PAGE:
In what many will consider shocking news Microsoft has not only been on a path of embracing Linux, but now they have joined the Linux Foundation as a Platinum member, as reported by TechCrunch. To me this news is not at all surprising, as Microsoft has been making friendly overtures towards open source for the last few years, not only contributing to many Open Source projects, but releasing some of its once propriety code to the Open Source community, which they have been slowly doing for over a decade, but only recently have they been taking it seriously. In recent months they have also collaborated with Canonical, makers of Ubuntu, to include some Linux functionality right inside of Windows. In addition to this there has been a concerted push to get Microsoft products onto other platforms, including its SQL Server, Visual Studio for Mac, and Office mobile for Android to name a few.
I would definitely stop short of saying that Microsoft lowering the walls on the gardens in Redmond is altruistic, I certainly don’t believe it is, and any advancement to society or computing is simply a byproduct of making a good business decision. That is not to say that we should not embrace the new goodwill that Microsoft is showing to the Open Source community, but we should be wary of believing there is any motivation besides making Microsoft more profitable. In today’s market it just makes good business sense, in many cases, to do Open Source. Another benefit for Microsoft is in that by contributing to open source projects they can ensure that their interests are represented within that community, such as ensuring compatibility with their Azure cloud platform and .NET.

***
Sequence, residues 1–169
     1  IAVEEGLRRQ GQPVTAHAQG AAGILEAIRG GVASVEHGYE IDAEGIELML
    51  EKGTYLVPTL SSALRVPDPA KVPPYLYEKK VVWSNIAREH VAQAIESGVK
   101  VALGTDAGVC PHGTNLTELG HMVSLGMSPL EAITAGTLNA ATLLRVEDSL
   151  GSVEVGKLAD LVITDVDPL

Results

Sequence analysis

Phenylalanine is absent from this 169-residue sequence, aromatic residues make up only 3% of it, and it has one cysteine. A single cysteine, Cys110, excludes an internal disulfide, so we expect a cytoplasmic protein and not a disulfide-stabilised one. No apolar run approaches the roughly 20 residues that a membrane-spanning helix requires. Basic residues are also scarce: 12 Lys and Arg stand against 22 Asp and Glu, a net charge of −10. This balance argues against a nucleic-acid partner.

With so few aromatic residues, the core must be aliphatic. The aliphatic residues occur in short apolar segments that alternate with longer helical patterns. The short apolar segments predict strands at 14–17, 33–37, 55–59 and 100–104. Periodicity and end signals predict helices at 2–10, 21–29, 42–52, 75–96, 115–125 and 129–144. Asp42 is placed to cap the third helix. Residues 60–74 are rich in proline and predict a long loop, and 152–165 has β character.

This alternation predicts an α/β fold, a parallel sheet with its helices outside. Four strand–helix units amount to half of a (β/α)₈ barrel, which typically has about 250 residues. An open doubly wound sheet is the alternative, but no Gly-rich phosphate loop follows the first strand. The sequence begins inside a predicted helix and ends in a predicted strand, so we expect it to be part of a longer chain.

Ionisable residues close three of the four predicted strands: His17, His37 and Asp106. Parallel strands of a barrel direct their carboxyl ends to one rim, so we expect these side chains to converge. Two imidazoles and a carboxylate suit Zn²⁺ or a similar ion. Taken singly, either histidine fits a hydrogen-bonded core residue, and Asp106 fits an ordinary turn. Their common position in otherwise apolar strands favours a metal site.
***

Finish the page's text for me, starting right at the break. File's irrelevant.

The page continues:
Microsoft CEO Satya Nadella seems to me a man who gets it, or is at least trying to. There is going to be other software providers and other operating systems, some of these products may be better than your own, or at least more appealing. It makes good business sense to not only stop fighting them, but to embrace them, to make sure that your products and solutions are available to the widest possible customer base. I am cautiously optimistic about this new approach at Microsoft, hopefully their actions really do contribute to the advancement of Open Source.